The twentieth century was graced by new scientific discoveries which came along at a breakneck pace, and the twenty-first is showing no signs of slowing down. Here are a few of the milestones along the way.
7. You are most likely part Neanderthal (unless every one of your ancestors was from Europe)
Like its milestone cousin the Human Genome Project, the Neanderthal Genome Project sought to sequence an entire Neanderthal genome in order to determine the species’ relationship to our own. The results indicated that all human populations outside of Africa show evidence of gene admixture from this intensely studied prehistoric group. Other fascinating results seemed to indicate that Neanderthals possessed genes that in humans are associated with language capability.
6. The soil of Mars contains a surprising amount of water
While scientists were disappointed with failure of NASA’s new Curiosity rover to detect any sign of current life on the Red Planet, the probe’s onboard laboratories did find a surprising amount of water vapor in the ground after taking samples. This could be used for future manned missions to Mars, and makes it possible that life, even if it no longer survives on the surface, may have once thrived there.
5. Untold numbers of extra-solar planets
As telescopes and other planet-detecting technologies grow more powerful, we have discovered fairly direct evidence for large numbers of planets orbiting other nearby stars. Beyond even this fascinating result, however, was an international team’s gravitational lensing observations that led them to estimate that each star in the Milky Way may contain an average of 1.6 planets, meaning our galaxy could host over 160 billion planets.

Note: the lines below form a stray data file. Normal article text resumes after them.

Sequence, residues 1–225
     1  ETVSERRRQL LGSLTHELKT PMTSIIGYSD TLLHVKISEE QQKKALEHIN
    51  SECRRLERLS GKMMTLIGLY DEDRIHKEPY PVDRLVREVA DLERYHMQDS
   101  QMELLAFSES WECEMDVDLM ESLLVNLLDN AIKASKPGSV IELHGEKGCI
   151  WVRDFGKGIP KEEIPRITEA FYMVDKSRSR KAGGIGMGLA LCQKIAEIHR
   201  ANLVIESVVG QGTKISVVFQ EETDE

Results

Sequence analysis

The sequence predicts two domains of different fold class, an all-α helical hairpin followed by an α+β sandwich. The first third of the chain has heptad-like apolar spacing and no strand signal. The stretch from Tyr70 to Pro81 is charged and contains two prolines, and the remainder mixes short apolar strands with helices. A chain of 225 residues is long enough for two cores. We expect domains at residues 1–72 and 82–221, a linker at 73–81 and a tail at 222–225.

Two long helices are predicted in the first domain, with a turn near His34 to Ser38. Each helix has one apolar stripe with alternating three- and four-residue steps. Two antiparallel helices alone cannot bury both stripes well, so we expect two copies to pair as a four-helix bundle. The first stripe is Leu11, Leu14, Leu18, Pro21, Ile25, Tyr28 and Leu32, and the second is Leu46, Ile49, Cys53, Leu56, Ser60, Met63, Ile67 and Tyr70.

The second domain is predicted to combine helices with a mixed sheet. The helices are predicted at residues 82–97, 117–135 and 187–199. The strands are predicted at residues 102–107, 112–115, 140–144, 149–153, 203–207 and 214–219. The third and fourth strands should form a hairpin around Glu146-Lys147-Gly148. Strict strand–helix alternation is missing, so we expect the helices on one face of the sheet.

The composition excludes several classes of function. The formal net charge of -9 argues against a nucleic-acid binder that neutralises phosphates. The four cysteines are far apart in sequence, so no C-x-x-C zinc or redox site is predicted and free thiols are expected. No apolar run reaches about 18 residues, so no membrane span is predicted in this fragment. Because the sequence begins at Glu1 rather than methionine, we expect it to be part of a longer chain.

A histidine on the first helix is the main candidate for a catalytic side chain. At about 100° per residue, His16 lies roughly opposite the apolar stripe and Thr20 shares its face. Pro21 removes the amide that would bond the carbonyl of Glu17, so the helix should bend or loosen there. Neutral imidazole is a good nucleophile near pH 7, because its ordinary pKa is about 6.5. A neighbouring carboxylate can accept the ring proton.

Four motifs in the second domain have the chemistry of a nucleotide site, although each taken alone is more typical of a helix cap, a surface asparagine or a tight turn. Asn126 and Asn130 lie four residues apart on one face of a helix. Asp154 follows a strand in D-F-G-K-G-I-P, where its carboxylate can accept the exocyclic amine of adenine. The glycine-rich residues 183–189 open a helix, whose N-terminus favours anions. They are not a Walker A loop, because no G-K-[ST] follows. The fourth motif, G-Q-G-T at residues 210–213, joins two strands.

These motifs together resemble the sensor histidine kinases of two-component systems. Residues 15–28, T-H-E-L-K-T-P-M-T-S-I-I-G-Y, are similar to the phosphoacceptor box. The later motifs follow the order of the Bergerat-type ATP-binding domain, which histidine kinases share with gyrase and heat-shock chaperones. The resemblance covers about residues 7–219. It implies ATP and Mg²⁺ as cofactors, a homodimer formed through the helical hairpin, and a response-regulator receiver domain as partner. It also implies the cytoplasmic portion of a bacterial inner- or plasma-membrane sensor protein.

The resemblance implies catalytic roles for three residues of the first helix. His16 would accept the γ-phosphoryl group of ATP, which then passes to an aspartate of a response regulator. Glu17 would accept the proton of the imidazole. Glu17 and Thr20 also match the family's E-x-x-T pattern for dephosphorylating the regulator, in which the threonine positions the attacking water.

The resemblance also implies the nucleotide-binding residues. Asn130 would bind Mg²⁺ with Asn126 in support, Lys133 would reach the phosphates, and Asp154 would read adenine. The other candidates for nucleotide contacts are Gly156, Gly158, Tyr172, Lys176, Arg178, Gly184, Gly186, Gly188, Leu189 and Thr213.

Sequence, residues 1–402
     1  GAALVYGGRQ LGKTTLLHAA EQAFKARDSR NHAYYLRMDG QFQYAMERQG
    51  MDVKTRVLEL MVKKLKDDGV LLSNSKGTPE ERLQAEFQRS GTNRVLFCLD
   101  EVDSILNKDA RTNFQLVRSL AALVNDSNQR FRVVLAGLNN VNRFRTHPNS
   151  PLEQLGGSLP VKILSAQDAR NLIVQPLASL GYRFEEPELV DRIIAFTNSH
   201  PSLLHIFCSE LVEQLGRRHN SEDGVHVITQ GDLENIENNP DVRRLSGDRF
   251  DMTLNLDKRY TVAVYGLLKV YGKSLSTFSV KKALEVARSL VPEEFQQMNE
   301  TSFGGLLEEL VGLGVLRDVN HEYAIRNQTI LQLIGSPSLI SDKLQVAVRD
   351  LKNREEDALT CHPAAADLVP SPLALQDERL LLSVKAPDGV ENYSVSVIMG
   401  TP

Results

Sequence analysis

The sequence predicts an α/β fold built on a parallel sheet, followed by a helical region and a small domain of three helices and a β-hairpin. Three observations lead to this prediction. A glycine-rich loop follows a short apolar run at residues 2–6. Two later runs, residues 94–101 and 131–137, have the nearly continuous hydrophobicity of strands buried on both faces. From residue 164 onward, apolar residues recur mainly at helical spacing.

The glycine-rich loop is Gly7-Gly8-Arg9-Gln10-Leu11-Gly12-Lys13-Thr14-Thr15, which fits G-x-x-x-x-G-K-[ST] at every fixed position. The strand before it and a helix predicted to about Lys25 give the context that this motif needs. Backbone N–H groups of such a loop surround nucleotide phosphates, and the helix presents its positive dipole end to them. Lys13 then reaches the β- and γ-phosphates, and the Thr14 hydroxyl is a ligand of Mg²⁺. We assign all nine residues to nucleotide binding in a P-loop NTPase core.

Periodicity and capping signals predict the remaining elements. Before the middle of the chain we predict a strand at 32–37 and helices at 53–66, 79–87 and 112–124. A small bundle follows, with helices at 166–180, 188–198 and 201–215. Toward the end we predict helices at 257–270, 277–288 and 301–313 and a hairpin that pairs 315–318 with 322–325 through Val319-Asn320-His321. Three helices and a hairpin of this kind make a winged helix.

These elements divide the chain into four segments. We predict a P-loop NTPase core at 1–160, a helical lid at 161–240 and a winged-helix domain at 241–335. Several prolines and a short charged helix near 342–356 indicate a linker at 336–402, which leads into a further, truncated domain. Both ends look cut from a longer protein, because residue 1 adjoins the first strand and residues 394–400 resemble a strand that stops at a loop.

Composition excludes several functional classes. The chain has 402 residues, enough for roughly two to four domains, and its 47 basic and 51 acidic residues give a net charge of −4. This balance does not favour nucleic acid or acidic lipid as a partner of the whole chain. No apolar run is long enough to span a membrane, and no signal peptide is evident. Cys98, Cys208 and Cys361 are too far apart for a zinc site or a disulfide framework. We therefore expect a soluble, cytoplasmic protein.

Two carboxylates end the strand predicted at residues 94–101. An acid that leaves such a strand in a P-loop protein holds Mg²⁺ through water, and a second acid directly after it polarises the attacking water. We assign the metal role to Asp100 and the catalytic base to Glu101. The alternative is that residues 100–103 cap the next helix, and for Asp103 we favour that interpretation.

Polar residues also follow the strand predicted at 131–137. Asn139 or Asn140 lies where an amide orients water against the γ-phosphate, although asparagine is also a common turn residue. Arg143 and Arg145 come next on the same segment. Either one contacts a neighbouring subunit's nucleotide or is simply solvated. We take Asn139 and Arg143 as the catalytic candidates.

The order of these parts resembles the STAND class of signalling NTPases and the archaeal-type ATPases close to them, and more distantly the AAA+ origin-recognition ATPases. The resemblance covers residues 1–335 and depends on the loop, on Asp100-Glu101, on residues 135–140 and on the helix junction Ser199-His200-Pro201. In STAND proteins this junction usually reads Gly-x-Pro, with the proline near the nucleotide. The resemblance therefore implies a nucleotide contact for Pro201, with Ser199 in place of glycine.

4. Stem cells may soon make it possible to “print” entire organs
3D printers are already making waves in other areas of science and industry, but one of their most astonishing uses involves loading them with stem cell solution rather than plastics or metals, allowing the construction of some simple organs in experiments. This technology could one day obviate the need for donors and waiting lists in organ replacement completely, changing millions of lives for the better.
3. Consciousness may not be limited only to humans
According to many scientists, including the recent Cambridge Declaration on Consciousness, self-awareness may be much more widespread than previously thought, encompassing all mammals and birds and even some invertebrates such as octuopuses. This could have radical consequences for ethics, cognitive and neurological studies, and even law.
2. It’s possible to read what you’re seeing, right now, just by scanning your brain
New methods of non-invasive brain scanning are allowing scientists to see more and more of our most important organ’s inner workings, including the ability to pull crude images off the parts that process visual information. Besides some of its more disturbing implications, this could spell good news for many patients with vision problems.
1. Quantum computing may soon change everything in the information world
Researchers have begun creating fully-functional (though still very small-scale) quantum computers, which are expected to revolutionize many aspects of cryptology and mathematics. Using some of the stranger behaviors that the most fundamental building blocks of matter can display, quantum computations could be capable of breaking the most robust of modern cryptographic methods while at the same time be used for theoretically absolute security in communication.